In 1900, life expectancy at birth in the U.S. was 47 years.1 Now that number is closer to 78, and many of today’s children could live to see 100.2 But with an increase in longevity comes a growing need for longer care of the elderly. This means more and more Americans are falling into what Kiplinger calls the “sandwich generation,” where they may have adult children and even grandchildren, but are also assisting their parents through retirement and these extended years of life.
Watching a parent becoming increasingly dependent on others for the normal activities of daily life can be difficult. It can be even harder for the parent to admit needing help. Creating a plan for how you, your parent, your family and your parent’s medical professionals will handle that possible scenario can alleviate misunderstanding and confusion when a crisis arises. Here are some tips to prepare for your parent’s aging:
- Pick a point of contact. One sibling or other close relative should be in charge of communicating with doctors. This person should have a health care power of attorney for the parent.
- Find a family-friendly primary doctor. An elderly parent may receive care from multiple specialists. With your parent, decide on one doctor to be the primary medical resource. Make sure reports from specialists are sent to the primary doctor. If you are caring for your parent from a distance, consider asking your doctor if he or she is willing to communicate via email.
- Create a central storage place for vital documents, including medical records, Social Security number and health insurance policy information. In an emergency, you don’t want to be digging through decades of files to find what you need. Hard copies should be duplicated and stored in at least two fire- and water-proof locations. Digital imaging and storage services offer a convenient place to access files remotely.
- Talk to your parent about long-term care insurance. Nursing home costs continue to rise faster than inflation and can quickly deplete your parent’s savings. If your parents are healthy enough to qualify, paying the premiums for them can help safe-guard your savings from their health-care expenses in the future.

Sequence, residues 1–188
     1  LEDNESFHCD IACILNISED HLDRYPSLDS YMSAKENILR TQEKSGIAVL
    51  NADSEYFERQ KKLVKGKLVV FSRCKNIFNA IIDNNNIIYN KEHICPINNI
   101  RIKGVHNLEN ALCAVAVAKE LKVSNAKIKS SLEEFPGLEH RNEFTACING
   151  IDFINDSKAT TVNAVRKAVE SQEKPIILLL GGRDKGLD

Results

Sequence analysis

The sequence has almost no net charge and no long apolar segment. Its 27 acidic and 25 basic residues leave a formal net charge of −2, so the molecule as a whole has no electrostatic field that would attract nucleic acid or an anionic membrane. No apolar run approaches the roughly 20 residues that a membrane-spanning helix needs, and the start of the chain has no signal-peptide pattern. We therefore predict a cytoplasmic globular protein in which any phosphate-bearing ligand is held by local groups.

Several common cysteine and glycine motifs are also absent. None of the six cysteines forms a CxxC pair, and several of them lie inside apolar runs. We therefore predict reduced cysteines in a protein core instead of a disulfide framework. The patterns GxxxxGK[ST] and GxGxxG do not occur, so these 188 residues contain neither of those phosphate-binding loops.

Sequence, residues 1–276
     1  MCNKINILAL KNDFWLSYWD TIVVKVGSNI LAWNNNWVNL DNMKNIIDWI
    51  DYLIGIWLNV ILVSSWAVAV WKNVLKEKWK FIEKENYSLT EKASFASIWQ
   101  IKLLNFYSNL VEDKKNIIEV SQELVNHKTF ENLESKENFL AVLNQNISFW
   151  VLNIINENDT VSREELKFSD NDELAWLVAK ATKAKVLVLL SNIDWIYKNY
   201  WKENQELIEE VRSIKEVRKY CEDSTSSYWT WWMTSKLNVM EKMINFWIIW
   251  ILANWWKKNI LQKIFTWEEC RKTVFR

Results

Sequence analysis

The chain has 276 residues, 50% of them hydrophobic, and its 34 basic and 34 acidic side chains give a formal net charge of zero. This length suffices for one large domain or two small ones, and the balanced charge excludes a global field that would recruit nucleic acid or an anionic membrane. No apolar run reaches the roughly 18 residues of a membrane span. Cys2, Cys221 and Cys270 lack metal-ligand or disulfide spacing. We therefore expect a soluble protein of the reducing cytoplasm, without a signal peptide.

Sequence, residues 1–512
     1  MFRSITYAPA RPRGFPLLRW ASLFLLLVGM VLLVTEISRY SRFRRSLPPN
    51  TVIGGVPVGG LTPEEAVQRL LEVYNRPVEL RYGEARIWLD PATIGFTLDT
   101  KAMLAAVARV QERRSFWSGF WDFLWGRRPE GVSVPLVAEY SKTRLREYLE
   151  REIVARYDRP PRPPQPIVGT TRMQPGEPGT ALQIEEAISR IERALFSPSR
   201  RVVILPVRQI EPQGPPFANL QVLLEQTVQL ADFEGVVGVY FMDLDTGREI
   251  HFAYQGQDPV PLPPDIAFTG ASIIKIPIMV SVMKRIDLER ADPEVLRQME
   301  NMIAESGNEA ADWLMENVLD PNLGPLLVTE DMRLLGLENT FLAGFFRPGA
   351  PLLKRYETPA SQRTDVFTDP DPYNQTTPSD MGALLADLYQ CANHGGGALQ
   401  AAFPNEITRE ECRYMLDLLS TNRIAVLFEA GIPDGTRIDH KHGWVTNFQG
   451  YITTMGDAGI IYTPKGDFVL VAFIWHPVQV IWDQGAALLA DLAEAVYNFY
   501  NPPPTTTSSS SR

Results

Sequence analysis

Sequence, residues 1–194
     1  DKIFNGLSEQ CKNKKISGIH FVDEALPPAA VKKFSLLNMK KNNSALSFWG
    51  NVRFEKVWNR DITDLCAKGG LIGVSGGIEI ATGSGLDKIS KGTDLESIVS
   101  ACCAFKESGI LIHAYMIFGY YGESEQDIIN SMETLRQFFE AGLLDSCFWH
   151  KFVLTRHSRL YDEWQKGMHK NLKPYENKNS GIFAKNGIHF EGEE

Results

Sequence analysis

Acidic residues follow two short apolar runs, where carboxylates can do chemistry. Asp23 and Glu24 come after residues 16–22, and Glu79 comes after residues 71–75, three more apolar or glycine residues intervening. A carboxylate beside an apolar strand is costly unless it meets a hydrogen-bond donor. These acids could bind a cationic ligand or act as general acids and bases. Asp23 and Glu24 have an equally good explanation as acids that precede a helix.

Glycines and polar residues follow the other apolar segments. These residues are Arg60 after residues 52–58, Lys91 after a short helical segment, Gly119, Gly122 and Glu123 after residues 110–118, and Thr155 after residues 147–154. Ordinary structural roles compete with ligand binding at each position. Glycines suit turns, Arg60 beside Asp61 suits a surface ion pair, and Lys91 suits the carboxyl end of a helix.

- Consider adult day-care services. As much as you may want to quit your job to be able to care for your aging parents at home, doing so may drain thousands of dollars from your own needed savings. Instead, consider enrolling them in an adult day-care program while you work, or investigate home-health aides and nursing home options. Often these programs will keep them physically active and engaged in a community and will still allow you to work.
- Research tax and employer benefits. If you pay for an adult day-care program or for someone to take care of your parents in your home, you may be eligible for dependent-care credits or other tax incentives. Some large employers may also offer care-giving support as an employee benefit or may have dependent-care flexible spending accounts you can contribute to.
- Create a care circle. Particularly if you live more than an hour or two away from your parent, a network of neighbors, church members and friends can give you some reassurance that others will keep in touch with your parent regularly and contact you in an emergency.
- Discuss finances. The point-of-contact relative, or another relative equipped to deal with financial matters, should have a financial power of attorney. This person should know the location of key accounts and policies, and the names and phone numbers for key advisors.
Roughly 10,000 baby boomers reach retirement age daily, and this is expected to continue into the 2030s.3 This means many in their midlife may find themselves balancing between financially helping their retiring parents and saving for their own retirement. Don’t make promises you can’t keep. A parent who resists help can use emotional leverage to extract promises you’ll later find difficult to keep – like withholding information from other family members or vowing not to place the parent in a nursing facility. Trying to take care of yourself and your parents can be financially and emotionally draining. Discussing such issues ahead of time with a financial advisor can help you and your family avoid these situations.
Written by Securities America for distribution by Hunt Country Wealth Management.